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Summer Science Ideas – Explore and Learn

Science isn’t all about test tubes and Petri dishes, although those can be fun! These summer science ideas will get you and your kids out and exploring. Here are some ideas to help your kids learn from their summer adventures.

The world is full of lessons when you look – just take a lot of photos so you can go through it all later on.

Summer Science | Crab in a tidepoolMarine biology:
If you live in an area (or can visit one) that’s near a tide pool, you’re in for a treat. The variety of critters that you’ll see in a tide pool is vast, and varies depending upon the area. You could go to a tide pool at one location, and only 3 miles up the coast see a different selection of sea life. Try to identify those you find, so that you can look up information about them when you get home. Maybe there’s even a documentary to watch!


Lunar eclipseLunar lessons:
The moon does so much for Earth! It’s very possible that without it, life here would not exist in its current form. Learning how it controls the tide, and you can see it in action when the tides change. It’s one thing to say that the moon controls the tides, but another entirely to witness it.

Find out what else the moon does for us!


Summer is a great time to look at the stars, it’s warm enough to be out late and you have the Perseid meteor shower in August. Try to find the visible constellations in the summer sky, some are difficult to find if you live in the city because the stars aren’t bright enough to get through the city lights, but many others are easy!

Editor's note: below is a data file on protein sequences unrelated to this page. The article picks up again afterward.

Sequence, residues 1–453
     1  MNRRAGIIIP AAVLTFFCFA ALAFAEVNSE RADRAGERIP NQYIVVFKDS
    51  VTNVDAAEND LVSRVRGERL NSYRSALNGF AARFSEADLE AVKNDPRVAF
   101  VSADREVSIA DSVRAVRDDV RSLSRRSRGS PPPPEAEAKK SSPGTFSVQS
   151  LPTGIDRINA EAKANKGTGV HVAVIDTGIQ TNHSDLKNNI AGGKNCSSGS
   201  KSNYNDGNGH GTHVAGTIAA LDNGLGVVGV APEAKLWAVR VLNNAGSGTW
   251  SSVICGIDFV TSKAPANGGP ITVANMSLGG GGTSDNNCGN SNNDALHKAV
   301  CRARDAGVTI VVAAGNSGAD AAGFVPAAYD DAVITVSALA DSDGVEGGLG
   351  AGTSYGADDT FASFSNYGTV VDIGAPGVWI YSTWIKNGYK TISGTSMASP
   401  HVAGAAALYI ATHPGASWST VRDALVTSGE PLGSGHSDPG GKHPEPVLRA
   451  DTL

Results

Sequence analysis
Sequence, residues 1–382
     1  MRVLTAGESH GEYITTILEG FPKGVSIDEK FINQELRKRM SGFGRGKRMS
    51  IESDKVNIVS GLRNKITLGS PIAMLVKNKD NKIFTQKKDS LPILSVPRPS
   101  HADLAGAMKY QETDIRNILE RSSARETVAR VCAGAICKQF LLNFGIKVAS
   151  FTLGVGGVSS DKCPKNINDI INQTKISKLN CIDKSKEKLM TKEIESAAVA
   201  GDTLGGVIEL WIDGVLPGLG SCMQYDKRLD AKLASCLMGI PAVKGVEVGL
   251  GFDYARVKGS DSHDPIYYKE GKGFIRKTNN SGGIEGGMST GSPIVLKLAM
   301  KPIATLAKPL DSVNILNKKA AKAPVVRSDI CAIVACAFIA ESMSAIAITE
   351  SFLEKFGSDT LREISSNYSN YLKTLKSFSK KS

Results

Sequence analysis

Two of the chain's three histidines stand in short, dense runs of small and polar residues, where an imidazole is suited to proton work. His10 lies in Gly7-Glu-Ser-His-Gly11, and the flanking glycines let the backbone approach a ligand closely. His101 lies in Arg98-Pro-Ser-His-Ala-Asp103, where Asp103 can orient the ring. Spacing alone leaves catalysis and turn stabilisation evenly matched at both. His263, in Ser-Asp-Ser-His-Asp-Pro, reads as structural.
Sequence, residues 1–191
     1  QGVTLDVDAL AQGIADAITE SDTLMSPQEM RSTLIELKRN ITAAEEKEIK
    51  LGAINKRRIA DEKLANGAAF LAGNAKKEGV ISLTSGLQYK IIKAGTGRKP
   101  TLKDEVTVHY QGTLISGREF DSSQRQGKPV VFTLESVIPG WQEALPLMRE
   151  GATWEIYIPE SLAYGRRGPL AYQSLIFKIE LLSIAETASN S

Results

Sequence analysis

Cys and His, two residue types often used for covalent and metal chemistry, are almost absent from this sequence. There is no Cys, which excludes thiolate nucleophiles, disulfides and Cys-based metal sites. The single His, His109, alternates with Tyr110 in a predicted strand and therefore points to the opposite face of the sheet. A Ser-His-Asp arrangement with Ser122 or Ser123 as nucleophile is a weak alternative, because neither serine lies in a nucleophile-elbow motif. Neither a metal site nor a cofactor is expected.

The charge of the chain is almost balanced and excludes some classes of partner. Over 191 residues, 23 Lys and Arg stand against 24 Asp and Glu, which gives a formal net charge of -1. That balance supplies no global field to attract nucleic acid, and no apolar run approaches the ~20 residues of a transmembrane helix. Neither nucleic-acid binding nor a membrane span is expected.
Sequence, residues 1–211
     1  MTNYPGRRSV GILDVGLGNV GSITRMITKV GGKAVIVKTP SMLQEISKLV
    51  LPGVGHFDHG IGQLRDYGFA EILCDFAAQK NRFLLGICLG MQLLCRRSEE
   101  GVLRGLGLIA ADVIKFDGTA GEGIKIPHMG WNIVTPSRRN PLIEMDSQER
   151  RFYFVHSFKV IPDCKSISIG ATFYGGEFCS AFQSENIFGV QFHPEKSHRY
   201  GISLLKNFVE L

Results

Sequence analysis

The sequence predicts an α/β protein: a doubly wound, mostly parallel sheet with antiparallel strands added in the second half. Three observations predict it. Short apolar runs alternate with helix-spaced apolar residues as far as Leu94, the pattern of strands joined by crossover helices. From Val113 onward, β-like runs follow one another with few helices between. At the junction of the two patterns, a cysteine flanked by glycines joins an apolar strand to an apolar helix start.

After you’ve spent an evening staring at the night sky, have your kids try to draw one or more of the constellations.


Few things capture the imagination of a child like seeing a bird fly off into the sunset. It’s possible to imagine yourself as that bird! Bird watching and ornithology is full of science – physics, biology and more. Pick up a guidebook for your area to learn about the species you might encounter!

Try building a model of a bird’s nest, with a couple of eggs that match one of the birds you observed.


Summer isn’t a time to keep your nose stuck in your books (unless you want to), but a time to get out in the world and explore.

What are you exploring tomorrow?

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